We all get negative feedback at times. That can come by way of a performance review, a critic, a well-meaning friend, rejection or through other tough experiences. We will all face mistakes, failures, and naysayers at some point – so the question isn’t how do we avoid negative feedback, but rather what do we do with it.
What drove me to write this post was the survey feedback I received from a particular conference a couple of years ago. I was the closing keynote speaker on leadership to a state association of CPAs. I felt the conference went well and the feedback was positive and afterwards as we had agreed to before – the client sent me the evaluation forms.
I received some great feedback. Here are a couple of comments:
– Ty was excellent, bring him back
– This was my favorite session of the two days
– Great speaker – very useful and applicable content
The overall rating for my speech was a 4.58 on a 1-5 scale. But – the survey feedback also contained a couple of the most scathing comments I have ever received as a speaker. Here is the one that really hurt.
“This guy was full of bull crap! Very staged – every word, phrase, gesture planned. His book reviews on Amazon look phony. We really had a leadership speaker come in and give us an example of what he learned as a 17 year old. … Didn’t share anything new. Just a bunch of warm fuzzy stuff he read on the internet or from emails that were forwarded to him. Starbucks? Come on. … This was a dark pit for me.”
Ouch! When I first read this it made me angry, and I felt embarrassed. I wanted to just dismiss it but I don’t think that would make me any better.
So how do we deal with negative feedback?
Here are three suggestions on how to make the most out of negative feedback.
- Give Time For The Emotion To Pass.
When we are first confronted with negative feedback, we typically experience all sorts of emotion that we are not in control of. It is very seldom positive or productive to respond based on emotion. We are built to act and not to react – so we need to give a little time for the emotion to pass. Wait until you can think clearly and not emotionally to decide what to think of the feedback and more importantly what to do with it.
2. Dig Deeper
It may seem counterintuitive but we need to dig deeper to get more information from the negative feedback we receive. There is a difference between critics and those who are critical. Critics are not worth your time or attention. Robert Lewis once wrote, “Nothing is easier than fault-finding; no talent, no brains are required to set up in the grumbling business.” If your negative feedback comes from a critic – someone who is just tearing people down because that’s what they do – then don’t pay them any mind. But if the feedback is critical in nature but comes from someone who is offering real feedback – then dig deeper. The more you understand what they are saying – the more you can find truth in their comments. The example that I gave above was hurtful but once I let the emotion pass and reread it looking for truth and concrete feedback – he was right. Well, he was mostly wrong but the fact that Starbucks is an overused leadership example is true. I have since removed it as an example in my speech and replaced it with personal experience and examples and it has helped my speeches go to the next level. Looking in the mirror and making changes is hard – but necessary.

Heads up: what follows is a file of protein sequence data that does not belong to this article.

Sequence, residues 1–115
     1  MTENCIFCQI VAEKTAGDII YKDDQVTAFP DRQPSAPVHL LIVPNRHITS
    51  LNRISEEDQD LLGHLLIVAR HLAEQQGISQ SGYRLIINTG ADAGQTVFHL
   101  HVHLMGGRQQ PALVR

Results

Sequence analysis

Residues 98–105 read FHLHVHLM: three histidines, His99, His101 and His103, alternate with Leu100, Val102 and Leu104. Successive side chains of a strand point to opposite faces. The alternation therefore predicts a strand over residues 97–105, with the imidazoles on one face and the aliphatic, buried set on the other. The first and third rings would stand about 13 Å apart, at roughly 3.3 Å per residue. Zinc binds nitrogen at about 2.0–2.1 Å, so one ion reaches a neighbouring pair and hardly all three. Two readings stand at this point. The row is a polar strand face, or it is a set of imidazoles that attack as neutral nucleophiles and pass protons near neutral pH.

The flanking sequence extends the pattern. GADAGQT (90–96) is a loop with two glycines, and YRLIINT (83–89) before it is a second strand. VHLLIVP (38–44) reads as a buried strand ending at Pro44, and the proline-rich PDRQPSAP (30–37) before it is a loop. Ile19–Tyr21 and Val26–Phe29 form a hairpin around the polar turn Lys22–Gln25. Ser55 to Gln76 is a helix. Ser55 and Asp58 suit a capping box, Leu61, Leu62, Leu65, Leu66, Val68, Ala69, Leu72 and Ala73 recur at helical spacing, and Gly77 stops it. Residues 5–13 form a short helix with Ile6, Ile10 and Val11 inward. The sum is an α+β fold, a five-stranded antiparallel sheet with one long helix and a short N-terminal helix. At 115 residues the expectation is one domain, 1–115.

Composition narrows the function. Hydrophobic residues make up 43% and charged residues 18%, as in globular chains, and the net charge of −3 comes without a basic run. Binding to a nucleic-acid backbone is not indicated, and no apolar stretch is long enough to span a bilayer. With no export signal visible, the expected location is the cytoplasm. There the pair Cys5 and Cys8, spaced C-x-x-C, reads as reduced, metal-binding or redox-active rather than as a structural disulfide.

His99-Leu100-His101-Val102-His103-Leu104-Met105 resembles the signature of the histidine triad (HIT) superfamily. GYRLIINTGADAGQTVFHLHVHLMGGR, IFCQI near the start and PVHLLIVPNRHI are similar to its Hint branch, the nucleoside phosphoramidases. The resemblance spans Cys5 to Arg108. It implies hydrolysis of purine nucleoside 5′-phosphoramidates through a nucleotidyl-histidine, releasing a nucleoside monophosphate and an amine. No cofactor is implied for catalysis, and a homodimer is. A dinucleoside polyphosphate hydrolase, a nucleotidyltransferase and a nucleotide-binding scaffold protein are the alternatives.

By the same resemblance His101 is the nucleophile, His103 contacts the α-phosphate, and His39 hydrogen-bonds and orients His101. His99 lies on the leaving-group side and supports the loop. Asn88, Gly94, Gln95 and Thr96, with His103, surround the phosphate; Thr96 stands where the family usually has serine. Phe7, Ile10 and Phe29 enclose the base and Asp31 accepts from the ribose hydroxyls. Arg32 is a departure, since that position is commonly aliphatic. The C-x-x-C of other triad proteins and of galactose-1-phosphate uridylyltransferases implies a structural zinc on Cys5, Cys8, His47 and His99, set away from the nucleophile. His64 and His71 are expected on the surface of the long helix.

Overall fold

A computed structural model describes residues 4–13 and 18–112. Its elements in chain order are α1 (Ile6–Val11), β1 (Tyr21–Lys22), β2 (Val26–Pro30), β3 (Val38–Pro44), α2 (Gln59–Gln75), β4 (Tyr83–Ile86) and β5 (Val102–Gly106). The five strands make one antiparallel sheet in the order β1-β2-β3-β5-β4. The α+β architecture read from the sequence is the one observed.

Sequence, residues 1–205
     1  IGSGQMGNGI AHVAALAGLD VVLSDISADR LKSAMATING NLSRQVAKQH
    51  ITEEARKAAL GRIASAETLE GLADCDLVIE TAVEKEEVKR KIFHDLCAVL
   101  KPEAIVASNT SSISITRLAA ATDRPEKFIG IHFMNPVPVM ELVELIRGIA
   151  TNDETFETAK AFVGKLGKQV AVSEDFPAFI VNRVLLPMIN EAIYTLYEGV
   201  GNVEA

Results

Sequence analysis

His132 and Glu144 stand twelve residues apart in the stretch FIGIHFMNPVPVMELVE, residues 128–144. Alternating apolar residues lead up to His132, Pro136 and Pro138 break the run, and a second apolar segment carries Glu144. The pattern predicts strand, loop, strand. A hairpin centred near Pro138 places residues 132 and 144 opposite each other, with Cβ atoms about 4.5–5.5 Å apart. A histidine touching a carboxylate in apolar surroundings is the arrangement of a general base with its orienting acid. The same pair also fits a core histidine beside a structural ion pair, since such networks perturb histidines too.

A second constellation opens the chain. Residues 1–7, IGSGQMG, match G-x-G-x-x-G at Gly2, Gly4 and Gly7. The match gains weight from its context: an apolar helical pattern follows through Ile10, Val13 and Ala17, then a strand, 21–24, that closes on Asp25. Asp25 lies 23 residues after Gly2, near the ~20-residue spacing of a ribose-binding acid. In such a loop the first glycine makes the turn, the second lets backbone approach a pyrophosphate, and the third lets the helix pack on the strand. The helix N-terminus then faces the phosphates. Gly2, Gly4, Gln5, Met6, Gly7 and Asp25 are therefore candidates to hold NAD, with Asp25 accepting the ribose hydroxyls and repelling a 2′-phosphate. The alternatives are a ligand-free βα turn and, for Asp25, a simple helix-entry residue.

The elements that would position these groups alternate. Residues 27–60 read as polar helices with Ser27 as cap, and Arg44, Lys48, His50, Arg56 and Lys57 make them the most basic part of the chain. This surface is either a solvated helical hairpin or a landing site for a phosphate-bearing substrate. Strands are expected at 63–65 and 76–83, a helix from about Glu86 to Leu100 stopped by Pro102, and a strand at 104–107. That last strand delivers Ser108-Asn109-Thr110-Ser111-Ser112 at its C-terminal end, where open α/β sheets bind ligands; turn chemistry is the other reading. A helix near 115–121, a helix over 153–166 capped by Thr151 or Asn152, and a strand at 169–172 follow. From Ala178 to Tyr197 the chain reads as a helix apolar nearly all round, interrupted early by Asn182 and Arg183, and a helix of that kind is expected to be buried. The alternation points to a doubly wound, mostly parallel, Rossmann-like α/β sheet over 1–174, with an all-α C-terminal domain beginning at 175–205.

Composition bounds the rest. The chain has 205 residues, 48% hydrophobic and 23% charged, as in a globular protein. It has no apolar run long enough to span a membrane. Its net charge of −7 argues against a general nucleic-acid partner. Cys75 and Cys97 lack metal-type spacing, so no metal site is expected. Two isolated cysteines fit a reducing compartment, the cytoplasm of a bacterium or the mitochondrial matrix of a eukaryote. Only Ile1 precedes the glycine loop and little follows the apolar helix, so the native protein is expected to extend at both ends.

3. Be Grateful
Being grateful for negative feedback is tough – especially when you feel the emotion. But it is ultimately a gift if we dig deeper and learn from it. I think that this life is about growth and so negative feedback is required to grow. It is an indication that change needs to be make. Being grateful in your circumstances is a choice that is distinctly different than being grateful for your circumstances.
Negative feedback is painful but useful. If we let the emotion pass, dig deeper and feel gratitude – negative feedback can turn into a positive catalyst for growth and improvement.2